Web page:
Mark Gimson is the business development and marketing manager for Singer Valve. He has an engineering background that provides a deep understanding of valve mechanics. He has worked globally in the valve industry for more than 35 years, including regional manager at Rosemount Instruments, where his knowledge of flow metering began. Gimson also runs operator training sessions around the world and speaks at industry conferences. He can be reached at firstname.lastname@example.org or 604-594-5404. For more information on Singer Valve, visit www.singervalve.com. For more information on the in-valve flow meter, visit McCrometer’s site, www.mccrometer.com.
Flow meters are necessary in the municipal world because utilities require accurate flow measurements for everything from chemical dosing to customer billing. The types of flow metering technologies are vast and depend on the accuracy required, water quality and line sizes.
Electromagnetic flow meters are a common choice because of the cost, reliability and turndown, among other considerations. Unfortunately, they require straight runs upstream of and downstream from the meter—typically five pipe diameters upstream and two diameters downstream—for reasonable accuracy. Other technologies are available, but they also require straight runs. In many cases, the straight runs are longer than those required of electromagnetic flow meters.
A relatively new concept is adding a flow meter into the control valve to reduce the amount of additional equipment required to use the flow signal and control a valve in the line. Typically this would require a flow meter, a control valve, a valve positioner and a software program to achieve the flow control loop.
In-valve metering is particularly useful in applications in which a control valve is used and a flow signal would also be beneficial—for example, reservoir filling. It is also useful in applications in which there is not physical space for a conventional flow meter, such as pressure reducing valve stations. Typically, these in-valve meters fall into three main categories:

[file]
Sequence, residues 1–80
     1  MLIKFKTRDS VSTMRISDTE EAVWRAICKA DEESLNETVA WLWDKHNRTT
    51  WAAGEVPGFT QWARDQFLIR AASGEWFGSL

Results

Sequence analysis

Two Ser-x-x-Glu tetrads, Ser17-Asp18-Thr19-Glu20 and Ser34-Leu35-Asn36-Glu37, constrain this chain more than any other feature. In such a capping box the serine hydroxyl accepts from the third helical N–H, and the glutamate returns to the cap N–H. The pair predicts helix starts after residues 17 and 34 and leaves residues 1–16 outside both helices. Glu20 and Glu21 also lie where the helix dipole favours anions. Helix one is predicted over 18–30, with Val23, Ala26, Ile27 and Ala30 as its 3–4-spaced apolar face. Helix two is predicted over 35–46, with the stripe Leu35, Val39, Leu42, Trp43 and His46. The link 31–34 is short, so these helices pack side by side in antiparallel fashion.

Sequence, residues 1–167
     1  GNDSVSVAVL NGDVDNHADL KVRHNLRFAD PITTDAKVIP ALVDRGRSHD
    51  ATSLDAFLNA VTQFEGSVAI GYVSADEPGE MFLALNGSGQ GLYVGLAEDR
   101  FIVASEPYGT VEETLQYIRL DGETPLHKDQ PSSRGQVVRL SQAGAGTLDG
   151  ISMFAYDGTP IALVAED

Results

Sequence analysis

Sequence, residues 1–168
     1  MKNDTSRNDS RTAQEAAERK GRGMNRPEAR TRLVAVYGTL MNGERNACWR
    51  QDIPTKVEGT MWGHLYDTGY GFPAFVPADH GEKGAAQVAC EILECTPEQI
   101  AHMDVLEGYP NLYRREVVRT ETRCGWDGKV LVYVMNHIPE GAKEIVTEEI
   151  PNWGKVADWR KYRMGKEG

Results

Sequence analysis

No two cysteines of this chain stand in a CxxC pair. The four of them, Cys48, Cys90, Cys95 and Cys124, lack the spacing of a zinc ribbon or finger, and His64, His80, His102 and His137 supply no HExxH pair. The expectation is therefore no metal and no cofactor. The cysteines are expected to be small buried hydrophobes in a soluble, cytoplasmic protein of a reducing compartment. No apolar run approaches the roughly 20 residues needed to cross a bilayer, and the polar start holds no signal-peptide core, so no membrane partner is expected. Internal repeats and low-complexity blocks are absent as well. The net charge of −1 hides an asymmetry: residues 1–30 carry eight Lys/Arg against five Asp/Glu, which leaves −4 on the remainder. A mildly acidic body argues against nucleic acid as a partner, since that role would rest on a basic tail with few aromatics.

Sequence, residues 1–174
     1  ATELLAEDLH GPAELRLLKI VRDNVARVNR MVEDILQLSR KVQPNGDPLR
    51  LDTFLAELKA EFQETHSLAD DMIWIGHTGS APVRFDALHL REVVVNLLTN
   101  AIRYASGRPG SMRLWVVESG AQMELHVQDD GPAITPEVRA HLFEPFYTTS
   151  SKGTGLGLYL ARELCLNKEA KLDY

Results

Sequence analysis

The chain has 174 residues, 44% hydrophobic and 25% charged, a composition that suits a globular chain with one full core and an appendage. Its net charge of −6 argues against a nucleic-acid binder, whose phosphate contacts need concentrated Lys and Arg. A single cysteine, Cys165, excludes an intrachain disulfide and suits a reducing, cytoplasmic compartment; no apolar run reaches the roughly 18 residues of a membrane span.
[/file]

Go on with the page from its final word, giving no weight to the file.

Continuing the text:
- In-valve turbine meter
- In-valve insertion vortex meter
- Calculated flow measurement using position transmitters and differential pressure transmitters that calculate the flow rate from a known position on the valve CV curve
Each technology has merit, but each also has its disadvantages. Turbine meters require clean water and maintenance. Vortex meters are prone to vibration effects (giving a flow reading when no flow is present) and plugging or damage because of foreign objects in the line.
When using the flow calculation method, accuracy depends on having a correct valve CV curve and the ability in the program to get a reading at any position along that curve as opposed to a fixed number of points along the curve. Because of the number of instruments required—differential pressure transmitter and position transmitter—the risk of the compounding of errors is also introduced. This is also the least accurate of the three measurement methods.
Accuracy should always be considered with any method. Current in-valve technologies are typically rated with a percent of full-scale accuracy. While they may report an accuracy of 2 percent, what does that really mean? The number quoted is important, but the statement after the percent sign is equally important. A percent of full scale meter, while accurate at full flow, can be dramatically different at low flow rates, which end users would expect to see in a flow control valve scenario.
As shown in Figure 1, a 2 percent of full scale meter can still be within specifications at the low end flow rate of 10 units, with a reading of 8 to 12 units. This is +/- 20 percent accurate—a big difference from the 2 percent end users thought they had.
A better flow meter would have a percentage of reading accuracy (see Figure 2). This meter, at the low end flow of 10 units, is accurate from 9.8 units to 10.2 units, which is a much better proposition for accurate control.
One valve company has recently partnered with a flow meter manufacturer to introduce a single point insertion electromagnetic flow meter installed into a control valve. This is a 2 percent of reading flow meter that has been flow profiled and tested in a National Institute of Standards and Technology traceable flow laboratory in Hemet, Calif. This means that the unit is guaranteed accurate to 2 percent of the reading throughout the specified velocity range. The flow meter has been profiled to match a specific valve. With this valve, it is ready for use directly out of the box.
The insertion probe extends into the flow stream, in one of the valve inlet connections and protrudes into the valve equivalent to 1/8 of the valve diameter size. It is a bullet nose, flow clean profile to eliminate clogging or build up. The unit can be installed on valve models from 4-inch to 36-inch valve sizes. It can be installed on either side of the valve on the inlet connection and only requires three pipe diameters of upstream clearance.
The sensor is rated for continuous submergence and is removable. It only protrudes from the valve 4.6 inches to 6.3 inches and only requires an 8-inch to 12-inch clearance for maintenance.
It is supplied with a convertor that provides an LCD readout screen and also gives a 4-20-milliampere output with four programmable digital outputs. P&S